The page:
Despite the loss O’Leary recognized what a great game it was: “It was back and forth. It was one of the classic games we have with Xaverian every year. It’s why people come. It was a very physical game today.”

The season is over for St. John’s Prep, but Xaverian has one last game against Central Catholic at Gillette Stadium to decide the Division 1 state title.

“We just have to work with what we have,” Farrell said. “Obviously, we hope that Shayne [Kaminski] and Kenny get better. They might be back or they might not, but we had a bunch of guys step up today and play really well. We got to see what we can do with that.”

Recap: No. 22 BC High 13, No. 4 St. John's Prep 7

October, 19, 2013
BOSTON -- Trailing highly-touted St. John's Prep by a touchdown at the half, Boston College High quarterback Sean Holleran got, in short, "a good chewing" from his head coach Joe Gaff. Players were getting open, looking for a good throw, and the 5-foot-10 junior was not holding up his end of the bargain, including a bad interception late in the second quarter.

"I deserved that chewing," he recalled, with a laugh.

Tied late in the game, before a boisterous home crowd at Viola Stadium, Holleran came through with the throw his coach was looking for, then let his feet do the rest of the work. His orchestration on what would be the game-winning eight-play, 66-yard delivered BC High (4-2) its biggest statement win of the season, a 13-7 decision over Prep (4-3) that improved them to 2-0 in the Catholic Conference and gave them three straight wins since their bye week in late September.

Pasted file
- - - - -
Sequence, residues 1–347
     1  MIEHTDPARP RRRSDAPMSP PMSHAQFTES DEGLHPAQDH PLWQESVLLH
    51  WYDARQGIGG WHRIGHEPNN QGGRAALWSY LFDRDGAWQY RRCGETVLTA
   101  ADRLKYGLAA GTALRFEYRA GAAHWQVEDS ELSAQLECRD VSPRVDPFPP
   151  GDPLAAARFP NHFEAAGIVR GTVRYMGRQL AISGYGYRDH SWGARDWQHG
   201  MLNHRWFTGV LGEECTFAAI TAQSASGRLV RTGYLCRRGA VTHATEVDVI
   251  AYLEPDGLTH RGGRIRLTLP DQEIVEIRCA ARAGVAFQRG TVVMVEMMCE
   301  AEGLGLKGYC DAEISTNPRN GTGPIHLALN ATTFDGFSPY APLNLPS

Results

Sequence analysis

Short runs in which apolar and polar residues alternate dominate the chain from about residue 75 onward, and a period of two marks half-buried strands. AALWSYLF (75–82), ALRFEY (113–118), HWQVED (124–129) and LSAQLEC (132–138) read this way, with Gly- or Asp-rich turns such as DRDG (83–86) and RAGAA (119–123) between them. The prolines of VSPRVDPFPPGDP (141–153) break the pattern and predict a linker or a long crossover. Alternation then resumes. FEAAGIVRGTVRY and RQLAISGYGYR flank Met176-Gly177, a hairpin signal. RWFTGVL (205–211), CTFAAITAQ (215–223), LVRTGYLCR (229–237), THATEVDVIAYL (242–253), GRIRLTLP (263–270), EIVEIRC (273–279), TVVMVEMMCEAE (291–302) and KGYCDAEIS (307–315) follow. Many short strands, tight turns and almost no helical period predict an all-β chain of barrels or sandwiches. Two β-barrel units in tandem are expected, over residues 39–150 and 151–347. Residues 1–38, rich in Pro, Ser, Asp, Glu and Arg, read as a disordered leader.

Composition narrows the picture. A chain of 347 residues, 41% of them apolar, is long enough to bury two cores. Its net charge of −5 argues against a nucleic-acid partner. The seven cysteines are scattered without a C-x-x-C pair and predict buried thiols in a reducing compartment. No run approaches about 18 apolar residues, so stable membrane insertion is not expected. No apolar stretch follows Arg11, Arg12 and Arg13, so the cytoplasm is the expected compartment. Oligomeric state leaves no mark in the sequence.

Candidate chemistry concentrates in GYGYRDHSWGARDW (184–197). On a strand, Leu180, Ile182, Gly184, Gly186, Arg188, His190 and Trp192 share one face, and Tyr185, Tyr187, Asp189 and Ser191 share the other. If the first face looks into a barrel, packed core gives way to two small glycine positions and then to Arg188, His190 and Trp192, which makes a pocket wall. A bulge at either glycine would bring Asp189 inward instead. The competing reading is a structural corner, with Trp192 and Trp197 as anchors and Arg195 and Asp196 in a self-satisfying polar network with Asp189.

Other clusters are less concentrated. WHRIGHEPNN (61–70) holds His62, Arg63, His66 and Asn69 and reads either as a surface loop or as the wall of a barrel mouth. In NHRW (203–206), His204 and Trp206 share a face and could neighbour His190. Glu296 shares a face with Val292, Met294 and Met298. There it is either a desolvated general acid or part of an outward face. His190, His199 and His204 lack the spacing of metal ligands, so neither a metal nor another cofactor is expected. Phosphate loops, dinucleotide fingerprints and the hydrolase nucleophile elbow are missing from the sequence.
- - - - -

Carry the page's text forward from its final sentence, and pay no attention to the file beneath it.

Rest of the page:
"Sean is the toughest kid as they come," Gaff said. "He took a good chewing at halftime, and he came out in the second half and responded incredibly. He made some choices tonight, giving and not giving the ball, and he made some great runs."

No play was more important on that final drive, perhaps, than the 18-yard strike to junior receiver Geoff Stillman on third and six at their own 38. Stillman, split out wide to the right, ran a slant to hash marks, where Holleran lasered the ball into a tight window. With quick reflexes, Stillman cradled the ball in traffic and ground forward for the first down.

"He came in, the linebacker stepped up and he made a great catch over the middle," Holleran said. "It takes a lot of guts to do that, and he went up and got it. It paid off for us."

That throw to Stillman was followed up with a 16-yard scramble, then a nine-yard option keeper, sprung loose by a sealing block downfield from tight end Connor Walsh but stepping out of bounds at the Prep 19. After a Prep offsides call, Holleran scurried for eight more yards on an option keeper with a fake pitch, then Mitch LaFerriere capped the winning drive with a six-yard plunge with 46 seconds remaining.

"[I was] just reading the defense and going with it, you know?" Holleran said. "Our pass game wasn't really there for us today, we had to get it done on our feet, and that's what we did."

The point-after kick was blocked, but BC High's fortunes took a favorable bounce when Prep's ensuing hook-and-ladder attempt was fumbled on the exchange in the boundary. Ismail Asongwed pounced on the loose ball for BC High, and they proceeded to run out the clock.